Two hundred twenty-three colon FFPE samples were analyzed by reverse transcription quantitative polymerase chain reaction (RT-qPCR). Five hundred nanograms of each RNA (measured using a Nanodrop; Thermo Fisher Scientific, Waltham, MA) was reverse transcribed to cDNA using Applied Biosystems High-Capacity RNA-to-cDNA Kit (Product 4387406). The relative mRNA level for each gene was determined using intron-spanning TaqMan gene expression assays (Applied Biosystems, Foster City, CA). Ten-microliter qPCR reactions were performed with Applied Biosystems TaqMan Gene Expression Master Mix (Product 4369016) and 15 ng of cDNA.
BRAF and KRAS mutation analysis
Seventy-seven serrated polyp samples with sufficient tissue available for DNA extraction were evaluated for BRAF and KRAS mutations (0/3 criteria, n = 30; 1/3 criteria, n = 11; 2/3 criteria, n = 11; and 3/3 criteria, n = 25). Primer pairs were designed for PCR amplification and bidirectional Sanger DNA sequencing reactions across BRAF codon 600 (V600E) and KRAS codons 12–13 (G12D, G12V, G13D).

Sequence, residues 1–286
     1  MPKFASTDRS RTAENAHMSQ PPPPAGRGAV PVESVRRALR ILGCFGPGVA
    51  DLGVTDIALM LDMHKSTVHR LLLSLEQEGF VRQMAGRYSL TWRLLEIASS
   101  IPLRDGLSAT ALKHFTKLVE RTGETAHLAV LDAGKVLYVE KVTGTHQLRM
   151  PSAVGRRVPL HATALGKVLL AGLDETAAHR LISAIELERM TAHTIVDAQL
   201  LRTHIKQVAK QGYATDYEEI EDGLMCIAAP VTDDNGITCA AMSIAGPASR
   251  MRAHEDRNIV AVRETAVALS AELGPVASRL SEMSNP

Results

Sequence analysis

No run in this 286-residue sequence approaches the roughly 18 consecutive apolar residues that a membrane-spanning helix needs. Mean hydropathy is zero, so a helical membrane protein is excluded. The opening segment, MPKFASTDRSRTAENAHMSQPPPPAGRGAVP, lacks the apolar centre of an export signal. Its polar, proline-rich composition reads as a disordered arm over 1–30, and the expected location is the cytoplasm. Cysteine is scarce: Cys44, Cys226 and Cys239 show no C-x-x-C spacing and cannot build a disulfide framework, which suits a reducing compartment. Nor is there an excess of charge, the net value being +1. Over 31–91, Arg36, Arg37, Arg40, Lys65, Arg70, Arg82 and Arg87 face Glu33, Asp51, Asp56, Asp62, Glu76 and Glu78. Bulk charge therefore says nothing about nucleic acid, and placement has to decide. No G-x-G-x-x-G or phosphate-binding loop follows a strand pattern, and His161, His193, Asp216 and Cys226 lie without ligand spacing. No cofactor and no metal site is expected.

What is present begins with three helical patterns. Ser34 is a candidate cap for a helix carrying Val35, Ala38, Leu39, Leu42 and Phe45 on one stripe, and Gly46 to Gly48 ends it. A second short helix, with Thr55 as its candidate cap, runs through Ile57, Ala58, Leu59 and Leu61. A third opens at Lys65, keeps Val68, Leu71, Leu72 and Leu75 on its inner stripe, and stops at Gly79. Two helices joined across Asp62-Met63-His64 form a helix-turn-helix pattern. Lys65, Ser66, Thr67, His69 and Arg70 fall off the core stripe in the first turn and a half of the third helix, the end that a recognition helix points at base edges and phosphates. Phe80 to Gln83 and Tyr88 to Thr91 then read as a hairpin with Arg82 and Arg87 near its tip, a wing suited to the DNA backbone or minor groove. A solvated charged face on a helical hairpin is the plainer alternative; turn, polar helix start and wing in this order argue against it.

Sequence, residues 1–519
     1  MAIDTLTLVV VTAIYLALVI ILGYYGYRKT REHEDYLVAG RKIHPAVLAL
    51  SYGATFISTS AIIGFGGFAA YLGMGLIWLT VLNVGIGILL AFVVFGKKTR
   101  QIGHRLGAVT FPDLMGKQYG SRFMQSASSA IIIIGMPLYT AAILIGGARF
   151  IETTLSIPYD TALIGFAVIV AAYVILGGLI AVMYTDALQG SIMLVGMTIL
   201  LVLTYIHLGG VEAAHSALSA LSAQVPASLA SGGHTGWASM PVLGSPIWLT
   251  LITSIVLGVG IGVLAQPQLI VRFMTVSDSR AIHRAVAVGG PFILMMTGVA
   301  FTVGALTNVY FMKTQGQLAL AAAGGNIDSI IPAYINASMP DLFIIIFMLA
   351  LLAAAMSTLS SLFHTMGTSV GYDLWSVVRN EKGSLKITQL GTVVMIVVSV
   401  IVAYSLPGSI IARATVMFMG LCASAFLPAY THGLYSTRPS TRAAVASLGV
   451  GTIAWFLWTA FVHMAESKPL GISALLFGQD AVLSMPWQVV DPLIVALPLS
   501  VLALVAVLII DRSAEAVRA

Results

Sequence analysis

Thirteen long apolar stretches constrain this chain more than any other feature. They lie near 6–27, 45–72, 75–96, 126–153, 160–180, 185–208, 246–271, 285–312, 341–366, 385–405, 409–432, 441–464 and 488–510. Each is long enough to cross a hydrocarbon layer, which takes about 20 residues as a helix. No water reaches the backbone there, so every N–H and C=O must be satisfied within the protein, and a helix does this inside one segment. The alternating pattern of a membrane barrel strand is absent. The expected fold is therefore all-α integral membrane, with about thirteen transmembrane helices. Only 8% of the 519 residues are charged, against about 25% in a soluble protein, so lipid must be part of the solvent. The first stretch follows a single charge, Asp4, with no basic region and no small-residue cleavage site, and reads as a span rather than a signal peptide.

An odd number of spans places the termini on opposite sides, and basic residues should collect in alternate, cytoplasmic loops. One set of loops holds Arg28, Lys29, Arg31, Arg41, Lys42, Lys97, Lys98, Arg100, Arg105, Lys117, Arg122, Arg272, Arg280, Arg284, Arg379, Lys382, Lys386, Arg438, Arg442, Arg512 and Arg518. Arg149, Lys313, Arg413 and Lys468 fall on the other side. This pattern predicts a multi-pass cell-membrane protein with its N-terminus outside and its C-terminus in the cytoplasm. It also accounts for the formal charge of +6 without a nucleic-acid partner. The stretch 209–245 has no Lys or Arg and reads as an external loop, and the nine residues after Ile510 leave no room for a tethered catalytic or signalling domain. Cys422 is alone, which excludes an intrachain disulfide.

The 7-gene panel was validated using area under the curve (ROC) with a training and test set of samples. The 51-sample training set consisted of polyps fulfilling either none or all of the 3 criteria (SSA/P = 22, HP = 29). Polyps fulfilling the full range of 0, 1, 2, and 3 of 3 criteria were used for the 126-sample test set (criteria 0/3, n = 43; criteria 1/3, n = 18; criteria 2/3, n = 38; and criteria 3/3, n = 27). A sample flow diagram illustrating the different training and test set groups for the study is shown in Figure 1, (see Supplementary Digital Content 1, http://links.lww.com/CTG/A118).